NPM: 1: Well-Woman Visit
Intervention Components (click on component to see a list of all articles that use that intervention): PATIENT/CONSUMER, Educational Material, Patient Navigation, Enabling Services, COMMUNITY, Community Events, POPULATION-BASED SYSTEMS, Home Visits
Intervention Description: A group-randomized controlled trial to evaluate a cervical cancer screening intervention program targeting Seattle’s Cambodian refugee community.
Primary Outcomes: Odds of having a self-reported Pap test in the past 12 months
Conclusion: This study was unable to document an increase in Pap testing use specifically in the neighborhood-based outreach intervention group; rather, we found an increase in both intervention and control groups. A general awareness of the project among women and their health care providers as well as other ongoing cervical cancer screening promotional efforts may all have contributed to increases in Pap testing rates.
Study Design: Cluster RCT
Significant Findings: No
Setting: Seattle, Washington
Target Audience: Cambodian women
Data Source: Self-report through personal interviews and verified through medical record review
Sample Size: Total (N=370) Analysis (n=289) Intervention (n=144); Control (n=145)
Age Range: ≥18

Yucel U, Ceber E, Ozenturk G. Efficacy of a training course given by midwives concerning cervical cancer risk factors and prevention. Asian Pac J Cancer Prev. 2009;10(3):437-42. Access Abstract

NPM: 1: Well-Woman Visit
Intervention Components (click on component to see a list of all articles that use that intervention): PATIENT/CONSUMER, Home Visits
Intervention Description: This experimental field study was performed with the aim of evaluating the efficacy of training given to women about cervical cancer risk factors and primary and secondary prevention precautions.
Primary Outcomes: Percentage of women who self-reported receiving a Pap smear at the 12-month follow-up
Conclusion: Women were in need of knowledge about risk factors related to cervical cancer, prevention from and early diagnosis of cervical cancer, but there was no significant increase in the rate of having a Pap smear test despite the increase in the knowledge level with the training given.
Study Design: QE: pretest-posttest
Significant Findings: No
Setting: Evka 4 Health Care Center in Izmir
Target Audience: Women who were literate, married, had social security, and were registered at the Evka 4 Health Care Center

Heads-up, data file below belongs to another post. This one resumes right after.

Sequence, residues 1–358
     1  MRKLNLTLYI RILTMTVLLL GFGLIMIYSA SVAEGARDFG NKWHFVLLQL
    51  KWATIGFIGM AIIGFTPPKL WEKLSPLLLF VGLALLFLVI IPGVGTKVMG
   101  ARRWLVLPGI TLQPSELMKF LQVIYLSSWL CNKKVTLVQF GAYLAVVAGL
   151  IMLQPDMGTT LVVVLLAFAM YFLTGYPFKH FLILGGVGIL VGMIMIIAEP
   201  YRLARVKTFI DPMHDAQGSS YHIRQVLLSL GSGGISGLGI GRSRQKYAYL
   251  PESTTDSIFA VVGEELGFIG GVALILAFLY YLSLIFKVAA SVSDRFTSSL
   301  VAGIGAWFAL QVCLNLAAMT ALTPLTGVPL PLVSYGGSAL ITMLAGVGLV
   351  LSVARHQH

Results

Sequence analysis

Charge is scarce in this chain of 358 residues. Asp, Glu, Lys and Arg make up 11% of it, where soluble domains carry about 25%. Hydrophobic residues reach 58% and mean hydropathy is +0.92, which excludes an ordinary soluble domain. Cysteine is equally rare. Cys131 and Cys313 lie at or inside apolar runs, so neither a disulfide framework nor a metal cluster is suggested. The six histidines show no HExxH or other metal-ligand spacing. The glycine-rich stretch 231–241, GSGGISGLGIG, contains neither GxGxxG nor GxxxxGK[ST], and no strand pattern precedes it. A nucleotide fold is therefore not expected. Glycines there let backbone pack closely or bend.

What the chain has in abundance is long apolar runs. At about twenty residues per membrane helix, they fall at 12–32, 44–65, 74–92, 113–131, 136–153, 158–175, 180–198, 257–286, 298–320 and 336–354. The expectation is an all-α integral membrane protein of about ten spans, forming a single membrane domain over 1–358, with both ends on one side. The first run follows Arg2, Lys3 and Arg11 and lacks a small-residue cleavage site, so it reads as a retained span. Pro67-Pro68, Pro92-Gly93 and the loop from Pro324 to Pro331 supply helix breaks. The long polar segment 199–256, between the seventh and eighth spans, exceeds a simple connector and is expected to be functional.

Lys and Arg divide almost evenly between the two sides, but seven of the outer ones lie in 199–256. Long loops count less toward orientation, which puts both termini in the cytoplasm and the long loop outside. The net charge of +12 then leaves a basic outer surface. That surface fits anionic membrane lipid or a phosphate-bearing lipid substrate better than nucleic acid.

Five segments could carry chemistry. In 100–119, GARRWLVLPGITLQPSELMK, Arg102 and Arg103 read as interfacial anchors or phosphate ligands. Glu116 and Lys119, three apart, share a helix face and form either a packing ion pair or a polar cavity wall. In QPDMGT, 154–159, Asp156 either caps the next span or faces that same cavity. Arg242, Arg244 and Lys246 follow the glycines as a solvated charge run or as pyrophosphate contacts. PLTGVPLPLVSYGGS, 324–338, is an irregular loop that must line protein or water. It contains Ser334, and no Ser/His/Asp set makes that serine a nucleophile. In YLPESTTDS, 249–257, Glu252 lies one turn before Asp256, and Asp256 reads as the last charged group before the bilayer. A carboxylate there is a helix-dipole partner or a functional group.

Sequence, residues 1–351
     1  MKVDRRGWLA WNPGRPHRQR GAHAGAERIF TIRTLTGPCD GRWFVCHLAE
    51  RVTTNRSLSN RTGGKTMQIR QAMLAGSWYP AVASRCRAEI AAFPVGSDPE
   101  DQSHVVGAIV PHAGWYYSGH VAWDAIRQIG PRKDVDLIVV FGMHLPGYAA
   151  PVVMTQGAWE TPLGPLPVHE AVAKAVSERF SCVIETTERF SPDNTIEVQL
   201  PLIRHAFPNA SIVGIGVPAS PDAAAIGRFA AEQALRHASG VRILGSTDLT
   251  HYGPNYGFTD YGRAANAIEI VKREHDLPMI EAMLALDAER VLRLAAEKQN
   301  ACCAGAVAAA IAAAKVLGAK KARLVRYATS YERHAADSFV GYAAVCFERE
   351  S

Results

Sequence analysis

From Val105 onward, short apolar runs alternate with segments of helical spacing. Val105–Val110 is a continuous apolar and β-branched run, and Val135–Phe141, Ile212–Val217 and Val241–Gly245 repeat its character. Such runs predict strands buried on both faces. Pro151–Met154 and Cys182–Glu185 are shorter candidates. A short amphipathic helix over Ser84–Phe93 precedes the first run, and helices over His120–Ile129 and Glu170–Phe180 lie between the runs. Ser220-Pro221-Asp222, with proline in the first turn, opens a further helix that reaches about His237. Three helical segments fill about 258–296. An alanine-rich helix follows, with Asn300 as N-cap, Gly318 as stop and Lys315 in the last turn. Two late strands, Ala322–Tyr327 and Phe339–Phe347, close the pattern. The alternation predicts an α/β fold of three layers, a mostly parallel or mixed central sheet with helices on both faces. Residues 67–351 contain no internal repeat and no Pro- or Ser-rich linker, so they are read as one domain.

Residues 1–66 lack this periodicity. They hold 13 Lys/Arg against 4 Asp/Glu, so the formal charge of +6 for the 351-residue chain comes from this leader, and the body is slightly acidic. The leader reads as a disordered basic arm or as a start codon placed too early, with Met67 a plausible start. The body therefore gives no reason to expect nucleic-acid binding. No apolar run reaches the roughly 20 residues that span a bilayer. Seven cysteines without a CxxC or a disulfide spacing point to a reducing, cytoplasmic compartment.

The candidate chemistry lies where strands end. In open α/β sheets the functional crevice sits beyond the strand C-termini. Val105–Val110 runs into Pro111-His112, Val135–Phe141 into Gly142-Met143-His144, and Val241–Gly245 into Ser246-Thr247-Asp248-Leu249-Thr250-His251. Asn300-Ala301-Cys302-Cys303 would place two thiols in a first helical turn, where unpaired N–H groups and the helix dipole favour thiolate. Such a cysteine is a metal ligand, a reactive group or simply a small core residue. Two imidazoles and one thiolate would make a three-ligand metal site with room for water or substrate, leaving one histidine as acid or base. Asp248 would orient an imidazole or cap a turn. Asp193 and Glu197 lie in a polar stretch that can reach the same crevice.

Data Source: Written questionnaire
Sample Size: Baseline (n=254) Follow-up (n=227)
Age Range: 25-29

Community Preventive Services Task Force. The Community Guide to Preventive Services. What Works: Increasing Appropriate Vaccination. 2016. Centers for Disease Control and Prevention. https://www.thecommunityguide.org/content/task-force-findings-increasing-vaccination. Access Abstract

NPM: 1: Well-Woman Visit
Intervention Components (click on component to see a list of all articles that use that intervention): Home Visits, Feedback, Educational Material, Incentives
Intervention Description: Home Visits to Increase Vaccination Rates, Reducing Client Out-of-Pocket Costs, Vaccination Programs in Schools and Organized Child Care Centers, Vaccination Programs in WIC Settings, Client-Held Paper Immunization Records, Client or Family Incentive Rewards, Client Reminder and Recall Systems, Clinic-Based Education when Used Alone, Community-Based Interventions Implemented in Combination, Community-Wide Education when Used Alone, Monetary Sanction Policies, Vaccination Requirements for Child Care, School and College Attendance, Health Care System-Based Interventions Implemented in Combination, Immunization Information Systems, Provider Assessment and Feedback, Provider Education when Used Alone, Provider Reminders, Standing Orders
Primary Outcomes: N/A
Conclusion: N/A
Study Design: N/A
Significant Findings: N/A
Setting: N/A
Data Source: CPSTF
Sample Size: 18 studies
Age Range: N/A

   

This project is supported by the Health Resources and Services Administration (HRSA) of the U.S. Department of Health and Human Services (HHS) under grant number U02MC31613, MCH Advanced Education Policy, $3.5 M. This information or content and conclusions are those of the author and should not be construed as the official position or policy of, nor should any endorsements be inferred by HRSA, HHS or the U.S. Government.